A similar confusion can also arise when one first encounters nouns with an intrinsic
/k/ Auslaut, i.e. stems that end with an amissible consonant /k/ which, like that of
the genitive marker, is regularly deleted when no vowel follows, for example:

> ens

the governor (subject)

dumu nsi(k)+ak+e > dumu nsi-ka-ke4

by the son of the governor


in (-a) or of (-ak) the mouth

> ka-ka

In the second phrase, the presence of two /k/ sounds may, at first glance, suggest the
presence of two genitive markers, an incorrect analysis since only one complete genitive
construction (regens + rectum + ak) can be accounted for. The last word could be taken
for a reduplicated noun.


Like the genitive, the equative case indicates a relationship between nouns or pronouns.
Also like the genitive, it is marked only by a nominal postposition; it has no corresponding infix in the verbal chain. It has the basic meaning "like, as," but in subordinate relative clauses (discussed in a later lesson) it can take on temporal adverbial meanings such as "just as," "at the same time as," "as soon as," "during," "while."
It is also seen in a variety of standard adverbial expressions such as ur5-gin7 'like
this, thus' or hl-la-gin7 'happily', or a-na-gin7 'like what, how'.
The equative is most often written with the sign GIM, traditionally read simply -gim.
There is good evidence, however, that it is more properly to be read -gin7 and some
indication as well that the final /n/ could be dropped. Thus the sign GIM has also been
read in the past -gi18 or -ge18 by a few earlier scholars. The problem of determining the
actual pronunciation arises owing to the existence of a number of conflicting syllabic
writings, including: -gi-im, -gi-in, -ge-en, -gi/ge, -ki/ke, or -g/ke4 (the last three
instances represent single signs with two possible readings). For a nice discussion of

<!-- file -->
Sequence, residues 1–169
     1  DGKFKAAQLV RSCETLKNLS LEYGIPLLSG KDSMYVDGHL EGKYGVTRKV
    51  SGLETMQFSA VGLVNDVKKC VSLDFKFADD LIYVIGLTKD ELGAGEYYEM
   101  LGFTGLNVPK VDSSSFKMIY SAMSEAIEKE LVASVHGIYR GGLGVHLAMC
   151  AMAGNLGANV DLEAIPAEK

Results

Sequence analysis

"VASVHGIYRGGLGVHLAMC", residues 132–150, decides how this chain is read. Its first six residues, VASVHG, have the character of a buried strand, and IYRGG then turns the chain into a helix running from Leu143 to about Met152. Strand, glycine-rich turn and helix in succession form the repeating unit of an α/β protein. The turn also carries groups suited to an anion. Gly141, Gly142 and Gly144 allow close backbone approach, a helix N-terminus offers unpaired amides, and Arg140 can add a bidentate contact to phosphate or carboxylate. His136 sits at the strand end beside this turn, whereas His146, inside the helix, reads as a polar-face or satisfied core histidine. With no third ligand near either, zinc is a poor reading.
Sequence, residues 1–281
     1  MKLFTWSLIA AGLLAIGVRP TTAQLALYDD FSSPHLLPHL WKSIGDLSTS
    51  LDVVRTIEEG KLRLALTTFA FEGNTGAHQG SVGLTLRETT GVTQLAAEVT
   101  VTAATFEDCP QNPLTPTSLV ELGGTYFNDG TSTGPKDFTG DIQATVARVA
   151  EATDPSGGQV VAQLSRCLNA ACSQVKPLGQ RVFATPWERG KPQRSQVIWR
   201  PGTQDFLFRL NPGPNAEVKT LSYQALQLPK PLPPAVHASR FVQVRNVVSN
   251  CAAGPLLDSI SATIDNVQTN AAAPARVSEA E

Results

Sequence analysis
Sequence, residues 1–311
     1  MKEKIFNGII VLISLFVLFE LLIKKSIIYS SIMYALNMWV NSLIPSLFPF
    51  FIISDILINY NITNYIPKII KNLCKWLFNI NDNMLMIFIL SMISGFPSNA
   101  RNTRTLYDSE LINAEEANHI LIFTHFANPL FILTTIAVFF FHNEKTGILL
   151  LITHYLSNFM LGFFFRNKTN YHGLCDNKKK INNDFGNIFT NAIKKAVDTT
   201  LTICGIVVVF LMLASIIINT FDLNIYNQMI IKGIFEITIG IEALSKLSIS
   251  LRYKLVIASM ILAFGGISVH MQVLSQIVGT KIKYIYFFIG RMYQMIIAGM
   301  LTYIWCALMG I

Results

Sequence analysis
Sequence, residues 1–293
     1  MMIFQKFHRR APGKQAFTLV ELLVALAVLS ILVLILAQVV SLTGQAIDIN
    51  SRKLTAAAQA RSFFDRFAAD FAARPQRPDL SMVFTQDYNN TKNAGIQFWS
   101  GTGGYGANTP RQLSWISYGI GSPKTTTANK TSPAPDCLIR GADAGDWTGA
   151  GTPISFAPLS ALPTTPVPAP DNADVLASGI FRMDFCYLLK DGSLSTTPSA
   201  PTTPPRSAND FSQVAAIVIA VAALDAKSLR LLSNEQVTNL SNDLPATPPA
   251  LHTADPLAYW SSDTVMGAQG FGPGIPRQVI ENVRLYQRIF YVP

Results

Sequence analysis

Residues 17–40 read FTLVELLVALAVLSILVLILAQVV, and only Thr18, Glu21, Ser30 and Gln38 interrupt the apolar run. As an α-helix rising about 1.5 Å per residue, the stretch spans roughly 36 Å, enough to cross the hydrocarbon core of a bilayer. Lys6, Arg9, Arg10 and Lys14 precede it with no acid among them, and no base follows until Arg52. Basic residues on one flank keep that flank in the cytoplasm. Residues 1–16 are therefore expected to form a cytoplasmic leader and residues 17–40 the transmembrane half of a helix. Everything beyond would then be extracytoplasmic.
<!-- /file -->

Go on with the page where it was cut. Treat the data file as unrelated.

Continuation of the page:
all these forms see now D. Frayne, Royal Inscriptions of Mesopotamia, Early Periods 1
(2008) 95.
The pronunciation may have varied with time and place, and so we will merely follow the
current convention of reading the equative as -gin7 and leave the question of its precise
pronunciation in different times and places open. Examples:
dumu-sa lugal-la-gin7
a-ba za-e-gin7

like her mother

like the first-born son of the king
who (is) like you?"







There are two verbs "to be" in Sumerian. The first is the proper verbal root l 'to
be present, to exist'. The second is a syntactic element with the form /me/ or /m/
whose basic function is copular, that is, which marks predicates of non-verbal or nominal
sentences. It indicates an identity between two substantives or between a substantive
and an adjective, linking them as subject and predicate, as, for example, "I am the king"
or "the king is mighty" or most generally "X = Y." Since it only indicates an identity,
it conveys no notion of tense, and can be translated "is/are," "was/were," or "will be"
according to context. The copula occurs most often as an enclitic, an unstressed element
which must always be suffixed to another word, properly the second (predicate) part of a
nominal sentence. In simple contexts a copula is optional and often omitted.
THE ENCLITIC COPULA (541-546; 108)
The enclitic copula is conjugated, and its paradigm is that of the verbal subject (to be
discussed in detail later). Note that in this paradigm the 3rd person sg. serves for
both personal and impersonal/collective subjects, while the 3rd person plural is reserved
for personal subjects only.

me + (e)n
> -me-en
I am

me + (e)n
> -me-en
you are

m +
> -(V)m/-m
he/she/it is; they are

me + (e)nden > -me-en-d-en
we are

me + (e)nzen > -me-en-z-en
you are

me + (e)
> -me-e
they (personal) are

-am6 in OS

An old question in the description of the copula forms is whether the /e/ vowel which
appears in all of the non-3rd sg. pronominal elements should be analyzed as belonging to
a copular stem /me/, or belonging to the pronominal elements, i.e. -en, -e, etc. If
the former, then the /e/ of the stem /me/ is deleted in the 3rd sg. form. If the latter,
then the copular stem is just /m/ in all forms. In view of the variant /me/ which can